Archive for ‘the Breastaurant’

March 1, 2013

Le plus ca change…

by Decemberbaby

Yes, the more things change, the more they stay the same.

I’m on antibiotics. Again. For mastitis. Again.

I think I might also have a sinus infection, which would explain the feeling of *holycrappleasestopinflatingthatballooninmyheaditsabouttoburst!!!!!* I get every time I sit up. The doctor assured me that the Keflex I’m now taking for the mastitis should knock out any sinus infection as well.

In the meantime, I’m learning a few things:

1. I’m only fat because food tastes good. No, seriously. Right now I can’t smell anything at all, which means I can’t taste anything. And absent taste, food has no particular purpose, so why eat unless I’m feeling hungry? And is that why people gain weight when they stop smoking? Because suddenly they can actually taste their food?

2. I’m a very lucky woman to have so many friends and family to call on in times of need. I’d like to send a shout-out to L, who picked N up from school at lunchtime and drove him to my parents’ house; to M, who fed N lunch and got him settled for a nap; to my in-laws, whose devotion to our children is such that they didn’t even flinch when asked to pick up K from school and N from my parents’ house and then come here and babysit all three kids for 4 hours; and, of course, to Mr. December, who kept me supplied with hot packs and tea and blankets all through the feverish shivering hours of the evening and night.

3. Antibiotics are magical. I can imagine only too well what a week or more of this suffering would be like without them. A couple of hundred years ago a fever like this would have had my husband and children fearing my demise. Now it just means yet another visit to the doctor and a heart-to-heart conversation with my pharmacist. What a time to be alive.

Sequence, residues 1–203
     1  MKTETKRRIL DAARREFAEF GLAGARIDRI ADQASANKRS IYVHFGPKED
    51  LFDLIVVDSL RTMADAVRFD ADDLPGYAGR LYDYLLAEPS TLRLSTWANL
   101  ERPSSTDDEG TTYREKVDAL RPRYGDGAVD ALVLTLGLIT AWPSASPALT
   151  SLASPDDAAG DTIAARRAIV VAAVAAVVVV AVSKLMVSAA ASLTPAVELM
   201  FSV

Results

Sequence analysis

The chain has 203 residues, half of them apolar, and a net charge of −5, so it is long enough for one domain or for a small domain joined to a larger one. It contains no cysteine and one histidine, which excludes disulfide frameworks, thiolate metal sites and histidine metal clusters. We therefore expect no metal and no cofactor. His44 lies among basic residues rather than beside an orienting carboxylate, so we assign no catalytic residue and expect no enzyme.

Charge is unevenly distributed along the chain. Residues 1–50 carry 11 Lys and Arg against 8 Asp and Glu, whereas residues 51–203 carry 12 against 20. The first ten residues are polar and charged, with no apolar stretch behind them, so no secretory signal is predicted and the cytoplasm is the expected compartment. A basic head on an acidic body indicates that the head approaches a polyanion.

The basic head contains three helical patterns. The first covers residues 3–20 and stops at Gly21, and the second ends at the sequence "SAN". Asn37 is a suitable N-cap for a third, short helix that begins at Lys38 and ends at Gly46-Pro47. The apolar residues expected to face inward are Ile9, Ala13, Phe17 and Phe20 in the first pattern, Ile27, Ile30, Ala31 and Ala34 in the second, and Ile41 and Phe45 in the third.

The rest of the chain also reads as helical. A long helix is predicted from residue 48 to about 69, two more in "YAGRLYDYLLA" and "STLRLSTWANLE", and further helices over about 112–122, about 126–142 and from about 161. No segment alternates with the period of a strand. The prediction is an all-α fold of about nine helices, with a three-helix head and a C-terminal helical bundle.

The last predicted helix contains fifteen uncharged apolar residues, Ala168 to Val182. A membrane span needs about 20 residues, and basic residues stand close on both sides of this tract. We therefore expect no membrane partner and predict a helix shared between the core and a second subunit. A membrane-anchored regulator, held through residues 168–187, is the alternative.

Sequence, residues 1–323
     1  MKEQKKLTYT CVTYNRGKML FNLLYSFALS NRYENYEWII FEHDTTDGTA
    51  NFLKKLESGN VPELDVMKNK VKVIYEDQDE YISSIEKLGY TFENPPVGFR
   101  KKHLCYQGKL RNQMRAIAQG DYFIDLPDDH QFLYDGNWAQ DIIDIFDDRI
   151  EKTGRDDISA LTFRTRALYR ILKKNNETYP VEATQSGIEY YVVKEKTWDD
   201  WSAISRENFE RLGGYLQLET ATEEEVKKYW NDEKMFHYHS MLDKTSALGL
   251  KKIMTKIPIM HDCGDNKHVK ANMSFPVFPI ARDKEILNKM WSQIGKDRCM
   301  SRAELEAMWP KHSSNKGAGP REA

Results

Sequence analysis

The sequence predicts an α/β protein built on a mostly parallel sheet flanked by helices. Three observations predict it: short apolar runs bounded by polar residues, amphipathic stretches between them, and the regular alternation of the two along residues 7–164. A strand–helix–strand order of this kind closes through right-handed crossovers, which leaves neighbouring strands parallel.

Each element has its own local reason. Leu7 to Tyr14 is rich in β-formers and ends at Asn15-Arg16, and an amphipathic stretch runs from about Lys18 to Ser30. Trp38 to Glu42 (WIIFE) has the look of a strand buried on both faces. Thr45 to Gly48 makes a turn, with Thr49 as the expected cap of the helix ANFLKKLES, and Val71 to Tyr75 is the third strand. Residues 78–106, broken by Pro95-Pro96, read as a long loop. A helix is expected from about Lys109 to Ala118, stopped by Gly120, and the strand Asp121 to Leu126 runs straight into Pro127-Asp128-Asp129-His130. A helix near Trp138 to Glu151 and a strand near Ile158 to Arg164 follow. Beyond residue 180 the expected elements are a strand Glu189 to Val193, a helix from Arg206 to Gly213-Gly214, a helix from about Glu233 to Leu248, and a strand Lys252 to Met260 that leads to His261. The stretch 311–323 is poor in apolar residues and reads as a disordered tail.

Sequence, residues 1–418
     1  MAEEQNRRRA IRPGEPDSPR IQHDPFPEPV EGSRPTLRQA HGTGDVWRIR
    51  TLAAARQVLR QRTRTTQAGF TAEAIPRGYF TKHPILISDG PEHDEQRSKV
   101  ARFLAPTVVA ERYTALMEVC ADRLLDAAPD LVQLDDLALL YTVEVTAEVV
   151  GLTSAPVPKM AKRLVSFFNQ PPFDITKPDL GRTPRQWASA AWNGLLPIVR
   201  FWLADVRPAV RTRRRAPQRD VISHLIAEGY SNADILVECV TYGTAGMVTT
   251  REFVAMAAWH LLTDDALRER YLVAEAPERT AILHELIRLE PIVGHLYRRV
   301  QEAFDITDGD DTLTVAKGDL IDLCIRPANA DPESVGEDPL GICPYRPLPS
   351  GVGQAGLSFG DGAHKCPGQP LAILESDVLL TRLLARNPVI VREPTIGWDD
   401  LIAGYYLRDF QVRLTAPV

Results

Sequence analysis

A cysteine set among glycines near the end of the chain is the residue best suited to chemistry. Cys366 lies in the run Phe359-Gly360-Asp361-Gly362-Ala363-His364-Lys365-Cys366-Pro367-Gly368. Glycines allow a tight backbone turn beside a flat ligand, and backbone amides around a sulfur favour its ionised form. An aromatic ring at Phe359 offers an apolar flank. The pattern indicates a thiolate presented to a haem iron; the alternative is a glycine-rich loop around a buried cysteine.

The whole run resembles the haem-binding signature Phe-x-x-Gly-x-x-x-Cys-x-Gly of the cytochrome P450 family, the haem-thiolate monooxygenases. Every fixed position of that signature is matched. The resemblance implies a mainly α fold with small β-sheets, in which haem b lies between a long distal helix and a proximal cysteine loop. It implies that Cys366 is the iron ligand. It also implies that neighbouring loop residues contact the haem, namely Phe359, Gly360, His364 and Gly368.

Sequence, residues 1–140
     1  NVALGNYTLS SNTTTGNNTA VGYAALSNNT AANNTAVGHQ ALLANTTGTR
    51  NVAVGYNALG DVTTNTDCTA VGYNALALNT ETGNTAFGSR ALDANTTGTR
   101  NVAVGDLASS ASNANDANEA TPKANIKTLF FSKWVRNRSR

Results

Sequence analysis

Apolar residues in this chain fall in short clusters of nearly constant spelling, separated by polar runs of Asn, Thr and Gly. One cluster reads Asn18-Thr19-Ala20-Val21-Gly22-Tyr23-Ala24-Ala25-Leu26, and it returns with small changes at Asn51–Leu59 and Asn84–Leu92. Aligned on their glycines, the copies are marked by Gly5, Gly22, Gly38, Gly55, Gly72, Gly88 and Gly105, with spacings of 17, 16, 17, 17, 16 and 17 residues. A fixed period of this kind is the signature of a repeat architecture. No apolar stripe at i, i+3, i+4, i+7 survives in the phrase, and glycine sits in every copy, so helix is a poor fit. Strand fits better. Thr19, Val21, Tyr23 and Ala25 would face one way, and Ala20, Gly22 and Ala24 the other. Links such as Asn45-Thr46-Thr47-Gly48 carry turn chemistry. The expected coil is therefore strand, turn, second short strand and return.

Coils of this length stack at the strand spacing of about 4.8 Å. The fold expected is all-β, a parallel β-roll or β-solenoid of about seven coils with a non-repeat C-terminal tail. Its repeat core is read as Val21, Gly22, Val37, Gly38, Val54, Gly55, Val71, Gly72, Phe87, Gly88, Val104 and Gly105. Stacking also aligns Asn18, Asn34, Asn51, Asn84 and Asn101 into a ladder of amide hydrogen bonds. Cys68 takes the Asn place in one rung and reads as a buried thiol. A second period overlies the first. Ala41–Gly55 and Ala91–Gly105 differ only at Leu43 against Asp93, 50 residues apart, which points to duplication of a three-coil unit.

4. We (as in Mr. December and I) need to teach the children to knock. Moreover, I think we need to repeat our lesson on what constitutes an emergency worth waking a sleeping parent (Hint: if there’s no fire and not more than a litre of blood, it’s not an emergency. Either fix it yourself or WAIT.)

5. We have finally established circumstances under which the phrases, “I want you to look at my breast” and “can you please massage the underside of my breast for me?” can in no way be construed as a come-on.

6. Shit happens. We all know that. But it only happens on the floor when mommy is very sick and just the act of bending over to wipe said floor makes her howl in pain. Well played, universe. Well played.

I’ll see you all when my sinuses clear.

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February 29, 2012

Work-in-Progress Wednesday: “What was I doing again?” edition

by Decemberbaby

It’s probably not news to any of you that as a mom of three kids under four, I only have about two brain cells to rub together at any given time. Hence I’m sure you’ll forgive me for having absolutely no clue what I wassupposed to be doing over the last two weeks. If you don’t mind, I’ll just go and check my last WIP Wednesday post for some clues. Hold on, I’ll be right back.

(Musically inclined readers can imagine a muzak version of the “little spanish flea” song here. Or click play below.)

Okay, I’m back. That was… interesting. ‘Cause I’ve had a few projects on my mind, but not exactly the ones I posted about last time. Nevertheless, here’s my update:

Still in Progress: Weight Watchin’